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Recently talking to an officer in Texas the topic of diet came up. He wanted to drop some extra pounds but didn’t know how to do it. ‘I feel like it’s some magic formula.’ I asked him, ‘You ever keep a diet longer than 3 months?’ He looked at the ground and laughed out a ‘negative’.

It isn’t magic and in this three part series we will work through the formula together.

Most diets fail for one reason: they are diets. Face it: food is addictive. If you don’t think it is, stop cold turkey. Like any drug, if it’s near you, around you, or convenient to you…you will get it. The difference food and drugs is that food kills you long term and usually isn’t illegal (sorry NYC). Outside of that, they are very similar, effecting brain chemistry…even your DNA.

We aren’t going to give you a ‘diet’ book. Instead we’ll give you three keys that work:

– Substitute
– Replace
– Cut-back

Officer H, this is for you because I didn’t have time to explain.

These keys are a matter of time frame to get your body used the chemical changes. Cold turkey doesn’t work, and in this 3 week series we will get to how to get to the end result. But, first, we have to look at time. When we discuss food, we look at good, bad, and the ugly. Some foods are good for us – no one is looking to cut back on those salads. But, like a drug addict, we have to get a fix of the things that aren’t good for us to please our brain chemistry.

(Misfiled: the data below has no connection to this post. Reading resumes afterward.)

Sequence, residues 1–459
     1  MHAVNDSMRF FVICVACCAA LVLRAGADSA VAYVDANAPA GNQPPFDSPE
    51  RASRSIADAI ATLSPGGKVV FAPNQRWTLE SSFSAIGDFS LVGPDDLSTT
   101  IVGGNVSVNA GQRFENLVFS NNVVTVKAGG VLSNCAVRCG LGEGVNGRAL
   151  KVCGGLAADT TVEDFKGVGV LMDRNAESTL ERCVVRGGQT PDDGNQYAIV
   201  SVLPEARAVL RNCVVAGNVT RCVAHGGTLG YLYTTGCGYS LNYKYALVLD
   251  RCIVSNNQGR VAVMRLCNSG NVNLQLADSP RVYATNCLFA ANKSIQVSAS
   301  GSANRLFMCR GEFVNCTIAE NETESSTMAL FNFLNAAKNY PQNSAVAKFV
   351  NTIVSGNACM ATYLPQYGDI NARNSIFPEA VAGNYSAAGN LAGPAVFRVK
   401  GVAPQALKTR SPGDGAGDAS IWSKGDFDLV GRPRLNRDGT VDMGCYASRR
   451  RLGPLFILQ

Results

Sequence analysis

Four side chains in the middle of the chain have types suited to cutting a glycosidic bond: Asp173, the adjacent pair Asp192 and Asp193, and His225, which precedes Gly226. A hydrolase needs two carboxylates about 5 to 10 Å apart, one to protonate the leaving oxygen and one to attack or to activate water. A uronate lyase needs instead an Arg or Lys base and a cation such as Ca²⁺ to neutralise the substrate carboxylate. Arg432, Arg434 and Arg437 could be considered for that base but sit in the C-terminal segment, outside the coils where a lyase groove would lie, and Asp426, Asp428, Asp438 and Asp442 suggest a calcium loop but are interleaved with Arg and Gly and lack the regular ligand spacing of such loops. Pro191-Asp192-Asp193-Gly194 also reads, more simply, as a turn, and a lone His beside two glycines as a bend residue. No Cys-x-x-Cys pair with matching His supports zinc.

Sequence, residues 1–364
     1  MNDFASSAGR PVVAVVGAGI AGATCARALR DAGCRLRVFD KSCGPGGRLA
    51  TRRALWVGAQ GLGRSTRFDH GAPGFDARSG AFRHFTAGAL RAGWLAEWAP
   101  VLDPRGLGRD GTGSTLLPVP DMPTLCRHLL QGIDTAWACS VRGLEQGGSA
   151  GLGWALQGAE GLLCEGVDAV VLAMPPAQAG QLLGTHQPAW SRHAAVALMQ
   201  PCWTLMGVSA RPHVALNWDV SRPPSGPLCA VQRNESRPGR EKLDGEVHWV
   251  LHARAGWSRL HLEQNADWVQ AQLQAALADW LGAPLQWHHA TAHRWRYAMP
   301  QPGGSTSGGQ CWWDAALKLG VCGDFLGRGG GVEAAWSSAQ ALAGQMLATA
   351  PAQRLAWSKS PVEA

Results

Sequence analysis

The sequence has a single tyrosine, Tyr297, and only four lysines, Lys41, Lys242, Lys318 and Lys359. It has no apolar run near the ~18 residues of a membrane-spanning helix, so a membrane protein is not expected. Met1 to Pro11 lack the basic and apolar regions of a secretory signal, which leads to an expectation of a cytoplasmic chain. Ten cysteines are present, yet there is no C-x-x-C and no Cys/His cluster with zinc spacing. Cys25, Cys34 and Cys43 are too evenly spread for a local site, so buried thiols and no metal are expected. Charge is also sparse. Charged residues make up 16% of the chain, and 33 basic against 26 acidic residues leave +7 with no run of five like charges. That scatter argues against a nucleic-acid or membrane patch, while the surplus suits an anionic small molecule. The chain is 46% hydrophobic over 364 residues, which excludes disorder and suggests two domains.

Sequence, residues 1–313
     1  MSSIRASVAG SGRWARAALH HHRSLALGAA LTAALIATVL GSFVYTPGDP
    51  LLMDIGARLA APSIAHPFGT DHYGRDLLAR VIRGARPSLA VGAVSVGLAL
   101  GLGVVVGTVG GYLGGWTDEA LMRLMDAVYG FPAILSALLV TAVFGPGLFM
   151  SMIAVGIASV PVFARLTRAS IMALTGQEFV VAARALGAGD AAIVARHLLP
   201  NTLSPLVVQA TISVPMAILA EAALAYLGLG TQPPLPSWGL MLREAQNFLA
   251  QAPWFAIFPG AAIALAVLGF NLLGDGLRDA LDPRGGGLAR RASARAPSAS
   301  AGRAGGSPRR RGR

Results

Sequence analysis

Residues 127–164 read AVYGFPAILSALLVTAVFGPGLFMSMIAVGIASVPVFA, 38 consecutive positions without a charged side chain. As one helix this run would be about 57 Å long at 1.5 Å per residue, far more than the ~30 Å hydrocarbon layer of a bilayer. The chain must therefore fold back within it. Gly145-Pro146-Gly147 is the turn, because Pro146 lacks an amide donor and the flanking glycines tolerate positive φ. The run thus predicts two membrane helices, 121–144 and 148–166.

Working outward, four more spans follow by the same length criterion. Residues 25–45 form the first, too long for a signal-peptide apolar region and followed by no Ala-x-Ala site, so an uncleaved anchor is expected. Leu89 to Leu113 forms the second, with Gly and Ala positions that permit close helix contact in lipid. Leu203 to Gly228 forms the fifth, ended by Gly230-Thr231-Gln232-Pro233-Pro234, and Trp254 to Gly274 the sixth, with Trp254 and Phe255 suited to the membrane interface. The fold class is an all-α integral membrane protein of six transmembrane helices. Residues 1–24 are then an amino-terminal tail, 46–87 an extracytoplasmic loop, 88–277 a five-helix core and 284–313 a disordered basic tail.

So, here is the exercise in time.

1. Take something you like that you know is bad for you (bag of chips).
2. Today, substitute something for it that is healthier (rice cakes) when you crave chips.
3. Do this tomorrow, the next day, anytime you want a bag of chips – rice cakes.
4. When you notice you are eating rice cakes all of the time, you have replaced the chips.

Replacement is long term substitution.

But, the problem is – you may be overeating them. When you substitute you are working with chemistry. Your brain has become wired to the chemicals of the chips and the way your brain and stomach communicate is based upon the 1) craving for chips; 2) consumption of the chemicals in chips; 3) how long it takes for your stomach to tell your brain you are full.

When you replace chips with rice cakes you may end up with over-eating due to the new chemistry.

This is when we come to cut back. Look at how much you are eating and make a determination based on calories, or how you feel (bloated, sluggish, etc) to cut back.

This is how you break a food addiction. The only other way to do it is cold turkey – which is hard on the body and usually ends up in a relapse because it doesn’t take into account you are addicted to the food.

In next week’s article we’ll look at how to put SRC into affect with your life and lifestyle eating for a police diet.

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